The series about the Roy family, a fictional, megarich American global-media clan, didn’t get attention at first. It seemed part of an odd trend – along with Billions, and the FX miniseries Trust (about the Getty family), it looked like part of a faddish fascination with the very rich for our entertainment. But it became a powerhouse drama about the internal workings of the 1 per cent, rich families who control massive wealth and big media. These graceless, venal characters, with their incessant power games, could be the Murdoch family, or the Trumps.

Roseanne/The Conners

Roseanne Barr, left, and John Goodman star in ABC's revival of Roseanne, which abruptly ended when its star unleashed a racist tweet in May, 2018.

Adam Rose/The Associated Press

ABC’s revival of Roseanne Barr’s sitcom was the most shameless manoeuvre to literally reflect the Trump era and showcase Trump voters. In doing it with Barr, ABC made a deal with the devil, but for a while it was unnerving TV. The Conner family had aged but life wasn’t better. They were the left-behind, those voters who flocked to Trump’s message of grievances and anger. Roseanne and husband Dan (John Goodman) faced the reality of looming old age and medical bills. Their children had not transcended the lives their parents lived, stuck in middle-America with few prospects. Roseanne Conner was a Trump voter, and you understood why. Then Barr attacked a former Obama White House adviser in a viciously racist tweet. Within hours, ABC cancelled the show. But they really only fired Barr and The Conners emerged from it, and succeeded, an often excellent depiction of the working poor in the United States, without overt political framing.


The anthology format Fargo predated Trump, but it captured a culture of greed and banal selfishness; evil entering small towns unnoticed but then exploding. Then in subsequent seasons dwelt on themes of avarice and cutthroat hubris. Right up to the current season, largely about a world run by con artists and criminal gangs, and the effort to stay ethical in such a world.


HBO’s series had its origins in DC Comics but had the heft of raw and magisterial commentary on racist violence, white supremacism and vigilantism. After three years of Trump, the alternative reality of the series didn’t seen alternative – it seemed shockingly contemporaneous and relevant. Real, simmering frictions about race, conspiracy and retribution burst through it and framed this era as a nightmare.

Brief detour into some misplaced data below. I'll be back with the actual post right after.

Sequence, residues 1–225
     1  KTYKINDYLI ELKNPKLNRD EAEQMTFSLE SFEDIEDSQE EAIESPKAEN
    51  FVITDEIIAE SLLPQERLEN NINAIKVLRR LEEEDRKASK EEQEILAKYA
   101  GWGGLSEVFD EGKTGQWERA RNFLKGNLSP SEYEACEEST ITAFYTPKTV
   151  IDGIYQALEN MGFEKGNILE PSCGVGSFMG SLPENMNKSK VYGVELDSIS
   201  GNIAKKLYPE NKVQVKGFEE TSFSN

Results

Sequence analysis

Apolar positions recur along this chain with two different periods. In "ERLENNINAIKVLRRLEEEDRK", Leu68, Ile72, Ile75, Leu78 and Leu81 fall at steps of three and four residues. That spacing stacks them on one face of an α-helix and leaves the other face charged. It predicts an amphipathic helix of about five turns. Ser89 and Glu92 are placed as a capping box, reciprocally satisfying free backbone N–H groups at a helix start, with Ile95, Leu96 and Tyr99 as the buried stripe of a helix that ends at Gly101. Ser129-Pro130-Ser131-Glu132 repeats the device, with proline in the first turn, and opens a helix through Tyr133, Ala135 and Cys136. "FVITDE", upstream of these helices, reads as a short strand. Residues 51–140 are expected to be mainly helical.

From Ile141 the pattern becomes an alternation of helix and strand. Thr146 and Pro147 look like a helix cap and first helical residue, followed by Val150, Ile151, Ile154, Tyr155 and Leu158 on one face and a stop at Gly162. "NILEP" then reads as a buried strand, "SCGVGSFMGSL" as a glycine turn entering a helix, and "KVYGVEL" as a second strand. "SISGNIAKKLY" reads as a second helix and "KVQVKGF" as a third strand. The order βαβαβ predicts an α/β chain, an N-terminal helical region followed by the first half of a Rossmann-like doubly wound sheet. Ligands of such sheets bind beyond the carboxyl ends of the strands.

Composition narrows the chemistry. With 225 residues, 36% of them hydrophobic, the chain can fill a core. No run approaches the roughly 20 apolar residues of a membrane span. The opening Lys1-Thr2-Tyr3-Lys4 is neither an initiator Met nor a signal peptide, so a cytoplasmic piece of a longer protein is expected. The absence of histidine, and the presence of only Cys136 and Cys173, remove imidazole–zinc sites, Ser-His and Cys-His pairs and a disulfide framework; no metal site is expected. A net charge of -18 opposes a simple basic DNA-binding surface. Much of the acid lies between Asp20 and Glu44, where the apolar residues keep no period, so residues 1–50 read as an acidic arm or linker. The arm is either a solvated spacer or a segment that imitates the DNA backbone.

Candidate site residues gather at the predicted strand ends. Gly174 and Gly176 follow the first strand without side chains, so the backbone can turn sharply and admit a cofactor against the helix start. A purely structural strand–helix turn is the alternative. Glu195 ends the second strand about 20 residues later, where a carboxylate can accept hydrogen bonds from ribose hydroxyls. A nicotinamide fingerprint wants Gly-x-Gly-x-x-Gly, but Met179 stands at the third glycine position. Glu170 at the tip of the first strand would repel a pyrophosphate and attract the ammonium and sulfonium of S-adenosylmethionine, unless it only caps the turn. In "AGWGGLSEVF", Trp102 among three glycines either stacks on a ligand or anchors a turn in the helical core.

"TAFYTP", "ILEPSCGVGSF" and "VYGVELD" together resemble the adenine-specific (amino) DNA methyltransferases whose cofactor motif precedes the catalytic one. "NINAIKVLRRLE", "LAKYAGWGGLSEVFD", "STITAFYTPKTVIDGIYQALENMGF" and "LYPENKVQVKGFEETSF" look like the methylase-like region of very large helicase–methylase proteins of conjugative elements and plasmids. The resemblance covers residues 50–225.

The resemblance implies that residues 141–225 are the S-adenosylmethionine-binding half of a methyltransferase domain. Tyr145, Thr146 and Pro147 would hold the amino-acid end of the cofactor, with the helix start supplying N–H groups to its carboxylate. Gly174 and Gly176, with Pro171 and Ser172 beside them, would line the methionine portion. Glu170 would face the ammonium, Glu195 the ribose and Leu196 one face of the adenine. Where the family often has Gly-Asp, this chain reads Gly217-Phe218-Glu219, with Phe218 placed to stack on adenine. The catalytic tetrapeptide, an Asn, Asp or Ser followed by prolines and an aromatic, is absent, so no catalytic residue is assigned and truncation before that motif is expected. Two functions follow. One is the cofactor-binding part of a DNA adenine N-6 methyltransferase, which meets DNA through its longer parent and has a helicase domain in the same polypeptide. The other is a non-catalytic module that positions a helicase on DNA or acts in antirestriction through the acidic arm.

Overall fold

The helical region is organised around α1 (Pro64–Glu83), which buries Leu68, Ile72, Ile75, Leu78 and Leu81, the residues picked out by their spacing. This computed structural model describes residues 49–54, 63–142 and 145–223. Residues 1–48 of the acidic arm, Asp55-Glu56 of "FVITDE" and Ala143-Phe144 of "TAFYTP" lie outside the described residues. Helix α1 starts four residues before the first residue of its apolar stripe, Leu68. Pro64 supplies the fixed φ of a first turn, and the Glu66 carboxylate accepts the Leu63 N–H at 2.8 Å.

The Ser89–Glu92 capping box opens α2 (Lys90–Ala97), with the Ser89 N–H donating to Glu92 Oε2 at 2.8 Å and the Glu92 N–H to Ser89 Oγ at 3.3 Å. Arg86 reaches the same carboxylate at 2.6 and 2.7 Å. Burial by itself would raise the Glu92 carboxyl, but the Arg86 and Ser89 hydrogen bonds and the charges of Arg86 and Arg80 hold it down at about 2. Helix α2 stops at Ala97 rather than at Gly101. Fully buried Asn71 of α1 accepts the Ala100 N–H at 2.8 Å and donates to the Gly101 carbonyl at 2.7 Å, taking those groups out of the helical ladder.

The Good Fight

The first episode began with Trump being elected. Then the show, a spinoff from The Good Wife, faced the Trump era with audacity: confronting race, immigration (the cruelty of ICE) and incompetent judges appointed to tow the Trump line. An angry, bleakly funny legal drama, it’s set in an arena run by what central character Diane Lockhart (Christine Baranski) calls “dirtbag men.”

Story continues below advertisement

Plan your screen time with the weekly What to Watch newsletter, with film, TV and streaming reviews and more. Sign up today.

Your Globe

Build your personal news feed

  1. Follow topics and authors relevant to your reading interests.
  2. Check your Following feed daily, and never miss an article. Access your Following feed from your account menu at the top right corner of every page.

Follow the author of this article:

Follow topics related to this article:

View more suggestions in Following Read more about following topics and authors
Report an error Editorial code of conduct
Due to technical reasons, we have temporarily removed commenting from our articles. We hope to have this fixed soon. Thank you for your patience. If you are looking to give feedback on our new site, please send it along to If you want to write a letter to the editor, please forward to

Welcome to The Globe and Mail’s comment community. This is a space where subscribers can engage with each other and Globe staff. Non-subscribers can read and sort comments but will not be able to engage with them in any way. Click here to subscribe.

If you would like to write a letter to the editor, please forward it to Readers can also interact with The Globe on Facebook and Twitter .

Welcome to The Globe and Mail’s comment community. This is a space where subscribers can engage with each other and Globe staff. Non-subscribers can read and sort comments but will not be able to engage with them in any way. Click here to subscribe.

If you would like to write a letter to the editor, please forward it to Readers can also interact with The Globe on Facebook and Twitter .

Welcome to The Globe and Mail’s comment community. This is a space where subscribers can engage with each other and Globe staff.

We aim to create a safe and valuable space for discussion and debate. That means:

  • Treat others as you wish to be treated
  • Criticize ideas, not people
  • Stay on topic
  • Avoid the use of toxic and offensive language
  • Flag bad behaviour

If you do not see your comment posted immediately, it is being reviewed by the moderation team and may appear shortly, generally within an hour.

We aim to have all comments reviewed in a timely manner.

Comments that violate our community guidelines will not be posted.

UPDATED: Read our community guidelines here

Discussion loading ...

To view this site properly, enable cookies in your browser. Read our privacy policy to learn more.
How to enable cookies